Sweet Trouble

Rants, raves, book reviews and one girl's thoughts on life, the universe and everything.

Tuesday, August 21, 2007

On the Reading Phenomena Post-Potter

Where have I been? Pregnant. Sorry for the lack of updates this summer, or even since December but life has gotten in the way. Luckily other people are doing lots of my thinking for me, like in THIS great article on the post-Harry reading rates and raising readers. For more on raising a reader be sure to check out Jim Trelease's fabulous Read Aloud Handbook.

In other news, now that Harry has come and gone you may feel like an era has ended. However, there's no need to be upset. There are plenty of great books coming out, well, NOW! Check out, among others:

The Fox by Sherwood Smith This is the sequel to Inda which is soon to be available in paperback if you missed it the first time around.

There's also Eclipse by Stephanie Meyer, the third book after Twilight and New Moon, none of which should be missed. Meg Cabot has some funny thoughts on ANY romance that features vampires and humans, which you can check out HERE as well.

Speaking of Meg, well she's been a busy, busy gal as you can see on both her diary and on the bookshelves. This summer has brought us Pants on Fire, Queen of Babble 2 and the newly released Jinx as well as a contribution to the collaboration "Everything I Needed to Know About Being a Girl I Learned From Judy Blume." That last one's so true, for me at least, and worth picking up by title alone.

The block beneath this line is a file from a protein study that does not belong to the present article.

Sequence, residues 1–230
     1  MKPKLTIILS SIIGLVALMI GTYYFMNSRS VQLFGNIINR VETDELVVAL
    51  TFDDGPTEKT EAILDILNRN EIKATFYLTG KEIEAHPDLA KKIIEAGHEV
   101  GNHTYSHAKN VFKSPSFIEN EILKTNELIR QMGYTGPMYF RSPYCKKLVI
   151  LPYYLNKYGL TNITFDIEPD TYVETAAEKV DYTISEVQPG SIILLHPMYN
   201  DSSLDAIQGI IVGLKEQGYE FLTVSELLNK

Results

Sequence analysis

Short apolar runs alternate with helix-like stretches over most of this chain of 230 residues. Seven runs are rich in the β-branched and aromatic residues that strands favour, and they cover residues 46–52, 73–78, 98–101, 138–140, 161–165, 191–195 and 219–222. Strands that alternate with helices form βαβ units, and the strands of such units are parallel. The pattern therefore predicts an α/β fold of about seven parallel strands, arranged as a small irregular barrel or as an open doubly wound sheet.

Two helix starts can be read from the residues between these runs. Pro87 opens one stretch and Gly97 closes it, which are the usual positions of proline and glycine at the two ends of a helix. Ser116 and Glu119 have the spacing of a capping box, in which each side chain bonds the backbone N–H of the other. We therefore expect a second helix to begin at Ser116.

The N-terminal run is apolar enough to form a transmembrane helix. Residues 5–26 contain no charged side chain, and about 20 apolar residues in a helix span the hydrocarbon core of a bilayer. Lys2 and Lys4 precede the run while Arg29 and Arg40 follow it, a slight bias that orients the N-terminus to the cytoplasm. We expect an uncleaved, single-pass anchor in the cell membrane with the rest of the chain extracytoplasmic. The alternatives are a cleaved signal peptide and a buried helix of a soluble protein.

Meg Cabot's not the only one who's been busy. Newberry winner Shannon Hale brought out the fun Austenland this summer and has Book of a Thousand Days coming in just a few short weeks.

Last but not least, I don't have to advertise to some of my regular readers that L.A. Meyer has a new Bloody Jack book out for us. Mississippi Jack is sure to be as fun, and thought provoking, as all previous installments.

That's just for starters. I for one will never mourn Harry's passing into reprints instead of first edition mania. No matter what statistics say about kids (and adults) reading more or less, Jo Rowling proved to the industry that the people who DO read will read long books as well as short ones. This "simple" example has allowed many of my favorite authors to exceed their previously editorially mandated word counts to give those of us who ARE readers longer, better novels. Plus, true book lovers know they can always go back to Hogwarts by the simple expedient of picking up the books again, like calling an old friend...maybe easier, since it's a friend you know is waiting for you.